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Record 1 1995-02-21


Subject field(s)
  • Atmospheric Physics

The gustnado has been accepted as a "type of tornado" but is not associated with the typical tornado characteristics. It is a brief, intense vortex that forms on the leading edge of severe gust fronts. Scud and debris or dirt may be seen but a condensation funnel is usually absent. They will last from a few seconds to a minute and are strong enough to cause minor damage. They are distinguished from a true tornado by their location under an advancing dark cloud bank ahead of the rain core. Although the air is rotating, the situation would group this event more appropriately with straight-line winds.


The leading edge of a gust front (or downburst) often creates an area of convergence which can lead to future thunderstorm growth; close monitoring of visible gust fronts becomes very important in forecsting areas of future storm development. Gust fronts from a line of cells, such as a squall line, can form an elongated area of divergence and convergence. These elongated areas or squall line gust fronts are important components to the squall line structure, and often times a producer of severe weather due to straight-line winds.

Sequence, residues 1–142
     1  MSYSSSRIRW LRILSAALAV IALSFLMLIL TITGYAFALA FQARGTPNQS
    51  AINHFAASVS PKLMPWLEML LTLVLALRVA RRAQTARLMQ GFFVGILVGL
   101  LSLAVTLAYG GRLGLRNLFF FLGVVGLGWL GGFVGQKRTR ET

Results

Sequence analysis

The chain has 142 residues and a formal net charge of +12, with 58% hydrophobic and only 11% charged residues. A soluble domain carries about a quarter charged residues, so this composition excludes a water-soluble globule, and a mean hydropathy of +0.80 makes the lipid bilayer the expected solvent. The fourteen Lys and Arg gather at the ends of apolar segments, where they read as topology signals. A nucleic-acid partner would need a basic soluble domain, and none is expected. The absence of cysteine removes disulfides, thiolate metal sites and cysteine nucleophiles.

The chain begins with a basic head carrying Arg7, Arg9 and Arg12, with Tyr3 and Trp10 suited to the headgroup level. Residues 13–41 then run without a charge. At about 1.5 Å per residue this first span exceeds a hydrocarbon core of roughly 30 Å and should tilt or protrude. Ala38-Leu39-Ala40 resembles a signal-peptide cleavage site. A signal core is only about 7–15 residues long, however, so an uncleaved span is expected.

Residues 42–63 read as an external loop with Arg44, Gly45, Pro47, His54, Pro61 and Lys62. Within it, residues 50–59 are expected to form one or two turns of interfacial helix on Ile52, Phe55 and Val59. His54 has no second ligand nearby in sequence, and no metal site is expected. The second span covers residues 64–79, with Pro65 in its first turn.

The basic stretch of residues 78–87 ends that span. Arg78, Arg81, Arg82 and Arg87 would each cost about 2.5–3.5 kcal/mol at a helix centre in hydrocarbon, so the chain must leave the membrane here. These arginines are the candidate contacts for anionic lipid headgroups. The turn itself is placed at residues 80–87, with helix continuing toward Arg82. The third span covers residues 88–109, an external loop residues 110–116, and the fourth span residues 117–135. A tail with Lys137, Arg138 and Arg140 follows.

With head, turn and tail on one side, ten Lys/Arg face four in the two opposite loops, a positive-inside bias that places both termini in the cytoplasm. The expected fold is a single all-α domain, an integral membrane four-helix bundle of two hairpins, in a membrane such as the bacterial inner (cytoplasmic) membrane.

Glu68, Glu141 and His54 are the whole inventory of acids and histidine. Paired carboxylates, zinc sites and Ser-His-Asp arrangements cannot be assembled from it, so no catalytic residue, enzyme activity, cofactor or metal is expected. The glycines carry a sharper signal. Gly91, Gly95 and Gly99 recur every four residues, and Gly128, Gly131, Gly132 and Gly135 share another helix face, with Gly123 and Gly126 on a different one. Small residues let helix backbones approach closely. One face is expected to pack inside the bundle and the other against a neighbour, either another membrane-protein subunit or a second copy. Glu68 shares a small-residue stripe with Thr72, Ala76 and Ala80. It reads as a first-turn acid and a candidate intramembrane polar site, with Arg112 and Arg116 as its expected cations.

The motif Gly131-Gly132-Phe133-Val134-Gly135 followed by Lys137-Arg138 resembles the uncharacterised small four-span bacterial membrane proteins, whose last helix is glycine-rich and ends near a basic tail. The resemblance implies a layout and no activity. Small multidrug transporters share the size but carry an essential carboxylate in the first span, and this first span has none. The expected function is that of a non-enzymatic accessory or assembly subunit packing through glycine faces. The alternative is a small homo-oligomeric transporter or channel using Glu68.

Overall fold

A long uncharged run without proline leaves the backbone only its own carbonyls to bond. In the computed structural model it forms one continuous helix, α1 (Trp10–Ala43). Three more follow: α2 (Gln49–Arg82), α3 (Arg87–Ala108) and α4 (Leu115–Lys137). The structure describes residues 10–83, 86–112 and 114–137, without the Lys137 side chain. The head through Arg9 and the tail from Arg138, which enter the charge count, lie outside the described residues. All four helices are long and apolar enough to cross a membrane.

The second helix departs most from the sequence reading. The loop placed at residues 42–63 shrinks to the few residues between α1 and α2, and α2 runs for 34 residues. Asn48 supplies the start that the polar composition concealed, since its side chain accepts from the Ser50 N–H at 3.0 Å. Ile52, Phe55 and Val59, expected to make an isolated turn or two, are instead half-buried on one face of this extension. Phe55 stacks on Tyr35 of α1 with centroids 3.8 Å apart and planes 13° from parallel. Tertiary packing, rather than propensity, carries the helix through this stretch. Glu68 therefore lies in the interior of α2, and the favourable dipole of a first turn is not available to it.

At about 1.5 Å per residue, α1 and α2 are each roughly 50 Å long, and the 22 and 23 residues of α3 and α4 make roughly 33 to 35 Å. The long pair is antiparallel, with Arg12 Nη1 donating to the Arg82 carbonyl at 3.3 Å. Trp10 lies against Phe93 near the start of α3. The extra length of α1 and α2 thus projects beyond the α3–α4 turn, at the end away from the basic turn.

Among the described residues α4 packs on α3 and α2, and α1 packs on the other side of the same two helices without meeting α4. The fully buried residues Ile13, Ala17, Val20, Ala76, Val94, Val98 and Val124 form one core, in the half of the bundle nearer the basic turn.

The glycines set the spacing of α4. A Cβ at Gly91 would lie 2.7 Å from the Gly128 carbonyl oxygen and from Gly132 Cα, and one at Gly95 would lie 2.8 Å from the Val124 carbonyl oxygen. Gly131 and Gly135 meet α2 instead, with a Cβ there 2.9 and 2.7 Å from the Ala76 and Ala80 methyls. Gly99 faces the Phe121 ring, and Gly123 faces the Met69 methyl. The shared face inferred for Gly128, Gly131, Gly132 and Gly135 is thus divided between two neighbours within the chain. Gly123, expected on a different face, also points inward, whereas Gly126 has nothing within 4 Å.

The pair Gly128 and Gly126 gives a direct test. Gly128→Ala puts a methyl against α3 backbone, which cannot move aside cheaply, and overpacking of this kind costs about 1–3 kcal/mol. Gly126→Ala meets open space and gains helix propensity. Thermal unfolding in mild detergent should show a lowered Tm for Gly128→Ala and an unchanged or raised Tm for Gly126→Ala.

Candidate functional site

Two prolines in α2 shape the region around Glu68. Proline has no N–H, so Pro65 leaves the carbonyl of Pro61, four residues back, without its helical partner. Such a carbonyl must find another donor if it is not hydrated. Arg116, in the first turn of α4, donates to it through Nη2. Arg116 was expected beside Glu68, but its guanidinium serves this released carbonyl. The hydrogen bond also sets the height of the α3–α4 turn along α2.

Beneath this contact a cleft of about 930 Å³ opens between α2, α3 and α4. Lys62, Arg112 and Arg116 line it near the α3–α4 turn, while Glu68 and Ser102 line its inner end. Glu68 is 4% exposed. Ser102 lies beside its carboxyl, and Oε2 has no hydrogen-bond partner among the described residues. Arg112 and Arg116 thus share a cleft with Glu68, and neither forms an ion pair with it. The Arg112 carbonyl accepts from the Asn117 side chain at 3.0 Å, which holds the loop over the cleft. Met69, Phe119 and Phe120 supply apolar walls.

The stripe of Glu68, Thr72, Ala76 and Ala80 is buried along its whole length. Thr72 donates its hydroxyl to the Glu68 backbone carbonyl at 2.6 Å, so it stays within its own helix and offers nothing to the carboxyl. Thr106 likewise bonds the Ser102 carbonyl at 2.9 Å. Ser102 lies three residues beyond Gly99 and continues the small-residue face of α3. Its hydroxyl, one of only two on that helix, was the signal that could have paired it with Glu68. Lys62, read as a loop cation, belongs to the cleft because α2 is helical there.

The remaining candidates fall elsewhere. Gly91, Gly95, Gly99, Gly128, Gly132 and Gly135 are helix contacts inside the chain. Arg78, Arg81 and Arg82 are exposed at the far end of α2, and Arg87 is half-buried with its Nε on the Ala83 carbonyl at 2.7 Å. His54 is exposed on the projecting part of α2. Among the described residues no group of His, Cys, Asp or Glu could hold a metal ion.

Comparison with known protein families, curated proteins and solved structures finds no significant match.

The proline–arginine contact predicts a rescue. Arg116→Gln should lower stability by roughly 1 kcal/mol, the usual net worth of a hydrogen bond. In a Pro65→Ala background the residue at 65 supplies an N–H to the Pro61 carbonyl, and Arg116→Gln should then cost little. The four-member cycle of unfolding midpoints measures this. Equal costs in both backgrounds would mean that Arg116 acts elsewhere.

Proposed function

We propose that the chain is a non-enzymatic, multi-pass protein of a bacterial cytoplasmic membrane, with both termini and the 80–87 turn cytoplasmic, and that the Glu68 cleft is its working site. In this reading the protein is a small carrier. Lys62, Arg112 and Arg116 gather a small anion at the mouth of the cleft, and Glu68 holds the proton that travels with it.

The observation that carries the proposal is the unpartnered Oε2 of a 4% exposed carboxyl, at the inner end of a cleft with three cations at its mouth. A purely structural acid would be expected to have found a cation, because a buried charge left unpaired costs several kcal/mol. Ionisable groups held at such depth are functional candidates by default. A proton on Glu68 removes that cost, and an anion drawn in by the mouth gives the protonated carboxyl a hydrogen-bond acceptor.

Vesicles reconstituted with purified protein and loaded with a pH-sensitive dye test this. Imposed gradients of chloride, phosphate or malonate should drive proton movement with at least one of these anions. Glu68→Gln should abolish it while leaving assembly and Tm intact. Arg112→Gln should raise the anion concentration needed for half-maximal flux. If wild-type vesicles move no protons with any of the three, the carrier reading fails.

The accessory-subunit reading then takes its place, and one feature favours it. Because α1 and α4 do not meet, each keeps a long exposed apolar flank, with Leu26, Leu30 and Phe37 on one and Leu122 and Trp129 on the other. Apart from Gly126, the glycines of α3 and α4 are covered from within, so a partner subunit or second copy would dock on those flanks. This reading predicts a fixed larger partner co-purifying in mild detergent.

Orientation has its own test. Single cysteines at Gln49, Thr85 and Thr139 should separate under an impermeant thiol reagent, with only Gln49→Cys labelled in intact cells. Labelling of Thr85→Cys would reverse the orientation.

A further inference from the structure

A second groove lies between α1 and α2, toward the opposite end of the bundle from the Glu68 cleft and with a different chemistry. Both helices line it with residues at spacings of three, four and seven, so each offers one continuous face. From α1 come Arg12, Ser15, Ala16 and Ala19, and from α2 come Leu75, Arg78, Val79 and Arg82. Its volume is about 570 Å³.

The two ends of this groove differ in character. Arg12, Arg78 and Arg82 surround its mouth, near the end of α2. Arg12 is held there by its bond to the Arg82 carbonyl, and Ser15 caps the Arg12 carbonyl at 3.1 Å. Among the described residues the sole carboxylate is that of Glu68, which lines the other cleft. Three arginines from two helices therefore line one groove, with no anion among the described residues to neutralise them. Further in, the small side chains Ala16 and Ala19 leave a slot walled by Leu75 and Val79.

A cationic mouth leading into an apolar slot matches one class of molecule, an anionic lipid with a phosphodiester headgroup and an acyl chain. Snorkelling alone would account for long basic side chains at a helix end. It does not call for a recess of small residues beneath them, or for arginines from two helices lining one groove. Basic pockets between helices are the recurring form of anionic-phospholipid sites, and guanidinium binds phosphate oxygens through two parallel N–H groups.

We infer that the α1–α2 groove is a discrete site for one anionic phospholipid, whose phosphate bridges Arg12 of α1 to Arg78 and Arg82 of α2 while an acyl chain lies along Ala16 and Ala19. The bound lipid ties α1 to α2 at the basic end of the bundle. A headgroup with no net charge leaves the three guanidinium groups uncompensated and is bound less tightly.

Key term(s)
  • straight line wind
  • straight line winds
  • straight-line wind


  • Physique de l'atmosphère

«gustnado» : On la considère comme un «type de tornade» mais elle n'a pas les caractéristiques habituelles de la tornade. C'est un tourbillon intense et de courte durée qui se forme sur la bordure antérieure d'un fort front de rafales. On peut voir des nuages en lambeaux et des débris ou de la poussière, mais rarement d'entonnoir de condensation. La «gustnado» dure de quelques secondes à une minute et peut causer des dégâts mineurs. Elle se distingue de la vraie tornade par sa place au-dessous d'un banc de nuages sombres qui approche, à l'avant du noyau de pluie. Même si l'air est en rotation, la situation porte à classer ce phénomène avec les vents rectilignes.


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